1. Do exhaust your dog before guests arrive. A tired dog is usually a well-behaved one: “Take it for a jog or an extended game of fetch so it’ll be calmer and more likely to take a nap during a visit,” says Katherine Miller, an animal behaviorist for the ASPCA. Just be sure to gradually wind down the activity level. “Abruptly ending playtime may leave it excited and begging for more,” she says.
2. Do shield pets from the initial action. Holiday activity in your home can rile up, stress out, or frighten even mellow dogs and cats. As guests arrive, Miller recommends comfortably sequestering your animal in another room: Leave its bed, toys, and treats (or, for a cat, litter, water, and food) within reach. When things have settled, let it come out and mingle.
3. Do make sure ID tags are up to date. This should be the case anytime, but during the holidays especially, when people are coming and going and a pet might slip out the door. If you and your pooch are traveling for the holiday, tape the new address to its ID tag.
4. Do ask people beforehand about any allergies. The reality is, if you have pets, allergens collect everywhere -- in rugs, drapes, upholstery, clothing -- so a highly allergic guest might have to decline your invitation. However, you can try to minimize the allergens by regularly vacuuming (including upholstery) with a device that includes a HEPA filter, using a low-dust or clumping litter and cleaning the box often, dusting and wiping down your walls, and brushing your pet frequently. (Vacuuming can temporarily stir up allergens, so avoid doing it on the actual day of the party.)
5. Don’t assume guests want a furry dog perched on their lap. You may regularly cuddle with your pet on the sofa, but your guests may not be thrilled to have all that fur snuggled up next to them. “If your dog tends to hog the prime seating, it can be hard for it to understand that the behavior is unacceptable when company arrives,” Miller says. Place its bed on the floor near its usual spot, and put a toy (like a food-stuffed Kong) nearby to keep it busy. If a guest is willing to gently play with the pooch, it will feel part of the party and be more likely to stay off the furniture.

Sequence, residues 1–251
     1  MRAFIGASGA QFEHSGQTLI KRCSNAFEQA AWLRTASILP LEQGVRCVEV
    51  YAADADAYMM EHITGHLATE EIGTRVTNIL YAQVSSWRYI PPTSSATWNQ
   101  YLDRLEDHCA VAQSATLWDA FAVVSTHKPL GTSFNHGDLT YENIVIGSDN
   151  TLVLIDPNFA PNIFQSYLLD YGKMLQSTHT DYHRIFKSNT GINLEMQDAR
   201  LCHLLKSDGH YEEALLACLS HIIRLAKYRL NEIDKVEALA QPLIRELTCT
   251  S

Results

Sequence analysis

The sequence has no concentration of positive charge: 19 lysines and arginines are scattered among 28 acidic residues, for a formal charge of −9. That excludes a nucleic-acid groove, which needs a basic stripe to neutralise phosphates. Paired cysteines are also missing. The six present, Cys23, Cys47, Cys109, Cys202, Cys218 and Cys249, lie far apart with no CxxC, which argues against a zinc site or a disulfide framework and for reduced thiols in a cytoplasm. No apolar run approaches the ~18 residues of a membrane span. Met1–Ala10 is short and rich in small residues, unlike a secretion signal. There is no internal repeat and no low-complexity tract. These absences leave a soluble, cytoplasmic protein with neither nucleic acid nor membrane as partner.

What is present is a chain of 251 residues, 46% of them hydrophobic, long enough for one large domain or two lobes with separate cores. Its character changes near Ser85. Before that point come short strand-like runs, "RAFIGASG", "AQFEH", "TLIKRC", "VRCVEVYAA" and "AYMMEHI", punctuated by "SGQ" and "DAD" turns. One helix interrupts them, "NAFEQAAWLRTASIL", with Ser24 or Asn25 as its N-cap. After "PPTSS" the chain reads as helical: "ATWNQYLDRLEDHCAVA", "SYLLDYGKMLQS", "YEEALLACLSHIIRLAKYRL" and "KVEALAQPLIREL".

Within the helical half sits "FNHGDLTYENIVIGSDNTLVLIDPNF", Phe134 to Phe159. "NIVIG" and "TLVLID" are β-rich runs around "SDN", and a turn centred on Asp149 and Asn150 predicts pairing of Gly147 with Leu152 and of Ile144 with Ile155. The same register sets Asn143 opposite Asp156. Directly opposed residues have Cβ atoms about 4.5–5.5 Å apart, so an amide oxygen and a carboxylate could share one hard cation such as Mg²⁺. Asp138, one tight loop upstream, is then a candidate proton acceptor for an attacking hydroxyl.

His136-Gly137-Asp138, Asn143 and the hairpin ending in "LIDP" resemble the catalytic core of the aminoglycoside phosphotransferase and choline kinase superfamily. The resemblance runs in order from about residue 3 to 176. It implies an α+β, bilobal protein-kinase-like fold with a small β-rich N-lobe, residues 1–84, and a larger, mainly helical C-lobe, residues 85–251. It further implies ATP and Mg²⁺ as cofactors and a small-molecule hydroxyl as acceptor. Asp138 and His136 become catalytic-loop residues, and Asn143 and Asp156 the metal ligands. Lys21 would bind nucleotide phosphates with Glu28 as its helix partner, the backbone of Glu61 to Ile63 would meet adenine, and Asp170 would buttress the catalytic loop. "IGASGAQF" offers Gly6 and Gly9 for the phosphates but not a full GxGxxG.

6. Don’t leave food at a level where your pets can steal it. All those hors d’oeuvres on your coffee table are a major temptation. Miller points out that many pups are trained with the “down low for dogs, up high for humans” rule for food -- and, as such, they can easily think the coffee-table height is a sign that the treats are intended for them. Keep the dog in another room during this course, or place the edibles higher up and out of its reach.
7. Don’t let friends and family feed your pets from the table. Yes, those puppy-dog eyes can be hard to resist, but guests shouldn’t succumb, since this rewards and encourages begging, Miller says. Instead, give your pet dinner in its bowl at the same time you sit down to eat your meal. “This will distract the dog and minimize begging -- at least until the dog’s food is gone,” she says. After guests leave, reward the good behavior by putting just a few small tidbits, such as turkey or sweet potato, in the pet’s bowl, Miller says.
8. Don’t change your pet’s routine while you’re away from home. Your dog may not have had an accident in your home since its puppy days, but take it out of its comfort zone and every chair leg in your host’s home can become a target. Avoid accidents by maintaining your dog’s feeding and walking routine, Miller says. “Dogs have an internal clock like we do, and they usually go to the bathroom at the same time. Changing things up can cause stress,” she explains. When your family is in a new environment, take the dog on lengthier walks or mimic the patterns, such as walking in a circle, that it makes when ready to relieve itself. Miller also suggests bringing some bottles of water from home, since both cats and dogs can be sensitive to new water. And when traveling with a cat, Miller says to use the same brand of litter (and litter box) that it’s used to: Smelling the usual litter will help prevent accidents.
9. Do travel with a crate. Leaving your pet unattended at another house can spell trouble. Bring a travel crate in which your dog or cat can stay anytime you’re out. (You shouldn’t assume your hosts want to pet-sit.) If your pet hasn’t used a crate in a while, practice using it ahead of time by feeding your pet meals inside it and leaving yummy treats to entice the animal to stay. “Just let it out long before it wants to get out,” Miller says. “That way, your pet will only associate the crate with good things.”